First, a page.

It was a good day to be on the bus as it was drizzling rain. We stopped to view Nelson Mandela’s grave, which can only be seen from the road. He was born near here. Our bus driver said this is the poorest part of the country and there are a lot of people living on tiny plots of ground raising corn, with a few animals.
I walked three miles from my lodge, not a fancy one, along the park by the zoo, a lake for small boats, and lovely neighborhoods catch the Hop-on, Hop-off Bus Tour starting near the charming pedestrian mall. I like to sit on the top deck and it was not that hot. Since the bus had to wait for an arriving bus, the driver came up and introduced us to the tribal language with clicking sounds and made small dance movements with the words. He was really agile. I was so hoping to hear the language. It is almost impossible to learn as an adult and I was afraid it was not preserved. He had us all smiling and clapping.
We waited in front of this Casino for our small van to take us to Soweto, a slum of 5 million people, of whom 121 are white. What a contrast to this scene!
But I was surprised to see all the nice homes to the left. It seems when people have earned more money, they have stayed in the neighborhood and built better homes and made improvements.
This is where the bungee jumping is, abandoned coal stacks.
Here is a picture of Hector, being carried by his brother, after being shot by the police.
The school children were protesting they could only be taught trades, not reading, writing or arithmetic as white children were taught. June 16, 1976 is the date.
A lovely lady smiling at a little girl nearby.
I read the best book, “Jock of the Bushveld” stories about a dog named Jock in the time of the gold rush, first published 100 years ago in South Africa.
And back to the casino to catch the bigger bus.
At 5 am our guide and driver, Ted, picks me up at Old Vic’s Travellers Inn, along with a young German couple. By 6 am we are at the southern gate to Kruger Park, the Malane Gate. He knows all about the animals, is interesting and drives slow enough so we can see everything. Sometimes I take a photo to shie the GPS coordinates, just for fun.
We entered the Malalane gate at the bottom of the map, drove around most the day, stopped for lunch, and spent the night at Preterluskop. I was on a tour that Dave at Old Vic’s Travellers Inn gives. Ted was our super guide, then he went home and Dave arrived and cooked us a BBQ dinner. It was pleasant enough to sit outside.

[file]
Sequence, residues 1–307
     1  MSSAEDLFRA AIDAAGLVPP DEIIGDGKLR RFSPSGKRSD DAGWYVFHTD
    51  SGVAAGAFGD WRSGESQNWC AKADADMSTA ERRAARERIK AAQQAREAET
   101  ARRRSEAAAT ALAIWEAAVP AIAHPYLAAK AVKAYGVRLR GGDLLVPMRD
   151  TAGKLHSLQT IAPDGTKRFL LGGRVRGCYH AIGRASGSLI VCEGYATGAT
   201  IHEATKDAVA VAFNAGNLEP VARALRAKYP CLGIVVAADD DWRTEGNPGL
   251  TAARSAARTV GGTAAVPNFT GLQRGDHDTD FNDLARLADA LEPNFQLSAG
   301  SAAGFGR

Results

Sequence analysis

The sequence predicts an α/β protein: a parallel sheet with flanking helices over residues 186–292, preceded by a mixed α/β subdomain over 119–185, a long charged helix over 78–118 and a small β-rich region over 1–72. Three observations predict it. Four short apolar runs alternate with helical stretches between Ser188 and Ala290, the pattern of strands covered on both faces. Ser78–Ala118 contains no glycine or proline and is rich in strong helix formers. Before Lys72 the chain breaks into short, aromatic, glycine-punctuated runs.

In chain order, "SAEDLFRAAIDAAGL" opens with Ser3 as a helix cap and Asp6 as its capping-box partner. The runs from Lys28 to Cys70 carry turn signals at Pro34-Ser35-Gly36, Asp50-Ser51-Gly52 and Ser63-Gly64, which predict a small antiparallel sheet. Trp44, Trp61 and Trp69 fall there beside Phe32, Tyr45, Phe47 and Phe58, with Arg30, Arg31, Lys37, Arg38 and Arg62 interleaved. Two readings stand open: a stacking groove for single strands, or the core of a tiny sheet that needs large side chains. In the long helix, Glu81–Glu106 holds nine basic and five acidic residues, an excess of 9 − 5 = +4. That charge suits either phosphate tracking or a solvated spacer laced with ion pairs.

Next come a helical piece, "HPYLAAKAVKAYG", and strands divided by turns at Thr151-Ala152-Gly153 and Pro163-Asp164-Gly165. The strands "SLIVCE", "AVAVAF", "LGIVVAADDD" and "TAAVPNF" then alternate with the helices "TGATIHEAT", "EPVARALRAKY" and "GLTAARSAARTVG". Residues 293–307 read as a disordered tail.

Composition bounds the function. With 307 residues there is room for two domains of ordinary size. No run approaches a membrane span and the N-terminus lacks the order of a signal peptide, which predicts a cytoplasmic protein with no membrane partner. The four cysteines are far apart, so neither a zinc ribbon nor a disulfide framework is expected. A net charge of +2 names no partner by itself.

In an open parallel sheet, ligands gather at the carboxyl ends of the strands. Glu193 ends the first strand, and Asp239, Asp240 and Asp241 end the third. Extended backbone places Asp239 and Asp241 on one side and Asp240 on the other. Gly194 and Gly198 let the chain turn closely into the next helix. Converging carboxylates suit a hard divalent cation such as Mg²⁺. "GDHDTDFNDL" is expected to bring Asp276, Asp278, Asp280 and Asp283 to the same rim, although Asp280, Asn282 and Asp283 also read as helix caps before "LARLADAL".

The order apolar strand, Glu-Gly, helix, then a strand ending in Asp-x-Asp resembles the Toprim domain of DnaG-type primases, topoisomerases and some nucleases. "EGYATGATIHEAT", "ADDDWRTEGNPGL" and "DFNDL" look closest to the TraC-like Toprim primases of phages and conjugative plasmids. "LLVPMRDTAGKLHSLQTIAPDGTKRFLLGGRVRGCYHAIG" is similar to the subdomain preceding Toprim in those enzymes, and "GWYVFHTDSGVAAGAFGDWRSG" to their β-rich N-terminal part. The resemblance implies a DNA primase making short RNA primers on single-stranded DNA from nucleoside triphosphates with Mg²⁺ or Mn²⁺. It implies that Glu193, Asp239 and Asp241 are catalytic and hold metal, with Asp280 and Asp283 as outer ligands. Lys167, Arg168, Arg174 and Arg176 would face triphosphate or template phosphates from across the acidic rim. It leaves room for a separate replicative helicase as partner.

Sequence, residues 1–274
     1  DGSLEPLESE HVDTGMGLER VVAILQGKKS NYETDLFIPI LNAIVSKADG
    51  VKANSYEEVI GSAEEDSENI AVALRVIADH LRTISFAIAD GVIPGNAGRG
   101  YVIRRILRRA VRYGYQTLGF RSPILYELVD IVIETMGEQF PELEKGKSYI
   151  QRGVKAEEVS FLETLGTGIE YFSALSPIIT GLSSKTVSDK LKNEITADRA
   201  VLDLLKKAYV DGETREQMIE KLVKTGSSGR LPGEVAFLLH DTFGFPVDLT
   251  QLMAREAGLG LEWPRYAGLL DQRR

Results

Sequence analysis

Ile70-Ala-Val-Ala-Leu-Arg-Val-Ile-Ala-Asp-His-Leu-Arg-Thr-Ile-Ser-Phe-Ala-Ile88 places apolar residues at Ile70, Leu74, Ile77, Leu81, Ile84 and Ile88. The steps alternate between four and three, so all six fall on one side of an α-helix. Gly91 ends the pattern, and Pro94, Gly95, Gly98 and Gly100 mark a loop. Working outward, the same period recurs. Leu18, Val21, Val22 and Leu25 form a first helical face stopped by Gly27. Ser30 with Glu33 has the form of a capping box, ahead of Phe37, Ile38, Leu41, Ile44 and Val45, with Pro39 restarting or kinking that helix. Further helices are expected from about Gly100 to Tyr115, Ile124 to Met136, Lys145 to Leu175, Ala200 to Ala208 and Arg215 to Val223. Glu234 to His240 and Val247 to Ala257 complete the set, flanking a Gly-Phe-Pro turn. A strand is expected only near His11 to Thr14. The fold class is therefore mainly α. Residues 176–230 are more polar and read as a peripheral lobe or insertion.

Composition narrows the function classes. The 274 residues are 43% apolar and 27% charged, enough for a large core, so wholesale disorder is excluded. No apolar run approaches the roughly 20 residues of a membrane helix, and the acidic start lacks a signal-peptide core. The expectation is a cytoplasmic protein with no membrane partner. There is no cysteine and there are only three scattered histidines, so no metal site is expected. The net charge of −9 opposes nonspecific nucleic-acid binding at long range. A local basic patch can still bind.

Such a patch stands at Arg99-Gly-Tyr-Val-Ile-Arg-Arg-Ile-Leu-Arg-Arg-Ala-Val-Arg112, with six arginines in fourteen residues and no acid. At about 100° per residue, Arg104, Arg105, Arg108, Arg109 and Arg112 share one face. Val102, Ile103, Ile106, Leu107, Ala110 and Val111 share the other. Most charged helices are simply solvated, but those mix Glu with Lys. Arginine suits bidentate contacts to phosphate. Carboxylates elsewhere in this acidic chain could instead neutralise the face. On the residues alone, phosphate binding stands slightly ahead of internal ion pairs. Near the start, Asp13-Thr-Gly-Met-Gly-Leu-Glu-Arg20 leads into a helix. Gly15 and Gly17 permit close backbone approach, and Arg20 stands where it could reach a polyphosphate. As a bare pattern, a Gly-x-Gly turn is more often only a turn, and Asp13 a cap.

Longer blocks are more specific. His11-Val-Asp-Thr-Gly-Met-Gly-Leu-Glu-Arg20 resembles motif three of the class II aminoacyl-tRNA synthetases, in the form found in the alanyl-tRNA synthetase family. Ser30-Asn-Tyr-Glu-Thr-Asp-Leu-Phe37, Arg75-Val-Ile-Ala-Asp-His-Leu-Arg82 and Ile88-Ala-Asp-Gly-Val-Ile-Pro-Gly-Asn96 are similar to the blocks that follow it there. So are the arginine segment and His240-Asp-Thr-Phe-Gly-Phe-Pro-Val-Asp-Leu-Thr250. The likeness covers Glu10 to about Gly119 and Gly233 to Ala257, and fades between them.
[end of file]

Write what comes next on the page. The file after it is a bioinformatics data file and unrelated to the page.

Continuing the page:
Our guide and driver is Ted on the left. The couple in the middle were Irish and the other couple is German.
Hippopotamus in the river.
Sofia is South Africaan and was on the hut next to me. Somehow, I got a private hut. Sofia, her husband and two young children live near the Malalane gate, but they are enjoying a few nights away from their kids. She was very sweet and friendly. It was great to meet her and her husband. They speak English, but not Africaan, although Sofia is learning so she can converse with the Africaan folks.
A kudu buck.
Crocodile on the rock.
Jane Goodall spreading her message and giving a better life to abused chimps. I was thrilled to be here.
The Sudwala Caves are the oldest Caves in the world. See how the staglitites and stigmatites meet in the middle, forming a column. That kind of formation takes zillions of years to form. Now you know.
I was told these mark the start of the trail, but I still did a double take, because there is a leopard here and if I was very fortunate, she would show herself. But no, I was not so fortunate!
Whoever marked this trail has a great sense of humor. Those little human paws better pick up their pace!
Close behind, the lion stalks it’s prey! Pretty entertaining, but I do look over my shoulder occasionally.
Interesting facts on the trail, the Latin name, and in Africaan and English, the two main official languages in South Africa. There are 13 official other languages of the tribes, as well. The Africaans wanted their children to only read and write Africaan in school, not English, which was the language of their hated oppressor. Hated because they outlawed slavery in 1820, for starters. As well as stole the land when gold and diamonds were discovered.
Looking back at Oliphants River Lodge from the trail.
Lichen the lime green on reddish rocks.
Ha, ha, this warning sign is near the end of the trail. I opted for the longer route home on the trail , instead of wading across the river. Perhaps on the other side they would have a warning sign about crocodiles. No worries! I really do not think there are crocodiles here.
Back at the Lodge.
Another view of the river and countryside.
Perfect cycling weather and road, cool with rolling hills and little traffic. Although the clouds were a little troubled with lightning and I might get soaked.
It was true, life was great down this road. Thank you Uncle Barry!
Cycling to Oliphants River Lodge was a mere 12 miles and should have been easy, but from the map I could see there was a gravel road the last bit. And there was a bit of traffic on the secondary road, with trucks hauling coal. Often I would just pull off the road to let them pass, but sometimes there were passing lanes on the hills. It is all big rolling hills.
Bets and Sone (a French name) invited me for brunch. Their warm welcome and hospitality amaze me. Bets brought her wood carving project, Sone is crocheting a blanket for her first grandchild to be born in June, and I paint in my sketchbook. We talk and laugh. It is like having instant old friends!